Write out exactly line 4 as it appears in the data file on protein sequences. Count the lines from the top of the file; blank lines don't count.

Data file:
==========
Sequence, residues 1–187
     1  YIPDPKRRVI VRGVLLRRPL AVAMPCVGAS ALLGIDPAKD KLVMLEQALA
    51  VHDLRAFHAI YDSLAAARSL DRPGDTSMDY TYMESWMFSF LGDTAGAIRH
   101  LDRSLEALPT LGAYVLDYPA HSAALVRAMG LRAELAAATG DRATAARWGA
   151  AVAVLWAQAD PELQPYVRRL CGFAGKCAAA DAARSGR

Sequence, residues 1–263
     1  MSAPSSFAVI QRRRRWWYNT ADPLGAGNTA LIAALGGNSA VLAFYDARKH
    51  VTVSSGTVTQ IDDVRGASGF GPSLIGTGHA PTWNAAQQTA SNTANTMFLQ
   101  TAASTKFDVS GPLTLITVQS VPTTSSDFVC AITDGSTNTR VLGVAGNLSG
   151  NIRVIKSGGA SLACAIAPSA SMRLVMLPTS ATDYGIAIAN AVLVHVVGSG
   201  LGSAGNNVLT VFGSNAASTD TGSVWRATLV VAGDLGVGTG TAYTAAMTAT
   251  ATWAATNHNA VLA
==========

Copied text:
   101  LDRSLEALPT LGAYVLDYPA HSAALVRAMG LRAELAAATG DRATAARWGA